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DMV Hearings: What You Must Know If you have been charged for a traffic rule violation or driving under the influence of alcohol or any other substance and a cop just told you that your driver’s license is going to be suspended, then there are some ways by which you can’t prevent this from happening. But what you need to do initially is consult to a lawyer who has much experience in DMV hearings. Ten days after your arrest, a DMV hearing must be requested so as to prevent the suspension of your driver’s license. Questions About DMV Hearings HOW IS CONVICTION IN CRIMINAL COURT AND DMV HEARING DIFFERENT?
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What’s important to know is that the DMV has the ultimate jurisdiction when it comes to driving privileges. That said, it has the power to make decisions on whether a driver’s license is to be revoked, suspended, or not at all. A DMV suspension is considered to be an administrative action that is taken against the driver’s driving privileges. On the other side of the coin, a suspension of a driver’s license that follows a conviction in court is a mandatory action that comes in addition to imprisonment, other criminal penalties and fines.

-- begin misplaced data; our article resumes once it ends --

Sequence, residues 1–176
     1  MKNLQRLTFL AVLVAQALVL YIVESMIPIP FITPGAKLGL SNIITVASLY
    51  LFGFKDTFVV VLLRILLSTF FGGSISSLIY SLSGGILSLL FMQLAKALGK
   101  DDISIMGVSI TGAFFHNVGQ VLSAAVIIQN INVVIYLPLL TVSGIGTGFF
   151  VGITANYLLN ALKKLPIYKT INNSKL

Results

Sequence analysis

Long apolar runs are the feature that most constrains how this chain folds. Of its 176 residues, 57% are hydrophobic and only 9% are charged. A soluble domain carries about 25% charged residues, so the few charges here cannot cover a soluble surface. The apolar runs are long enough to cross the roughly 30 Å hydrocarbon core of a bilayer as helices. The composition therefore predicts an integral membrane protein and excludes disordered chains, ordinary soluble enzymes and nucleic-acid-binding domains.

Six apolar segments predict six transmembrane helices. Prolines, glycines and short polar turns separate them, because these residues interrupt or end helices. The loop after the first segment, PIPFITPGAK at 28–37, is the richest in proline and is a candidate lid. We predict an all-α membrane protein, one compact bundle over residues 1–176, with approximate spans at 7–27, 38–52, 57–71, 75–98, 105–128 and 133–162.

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WHAT HAPPENS WHEN GET ARRESTED FOR DUI? When you’ve been arrested due to DUI, what will happen is that the offer who did the arresting will be demanded by the law to immediately forward a copy of the notice of driver’s license revocation or suspension form together with the driver’s license. These will be sent to the Department of Motor Vehicles together with a sworn report. The DMV will then perform a administrative review. The review will include the processing of your test results, the suspension or revocation order and the test of the report of the arresting officer. HOW DO YOU GET BACK YOUR DRIVER’S LICENSE AFTER ITS CONFISCATION? Following your arrest or jail release, a police officer may provide you with a notice of suspension together with a temporary driver’s license. It is common for driver’s license to be suspension for 3 years, which is the longest. However, this is only for those who commit third offense. This is usually the case when you withdraw from being chemically tested during the point of your arrest. You may be able to get your driver’s license back at the end of its suspension period. However, because it will have to be reissued, you will have to pay for a reissue fee. Aside from that, you are likely to be required to pay a file proof of financial responsibility.

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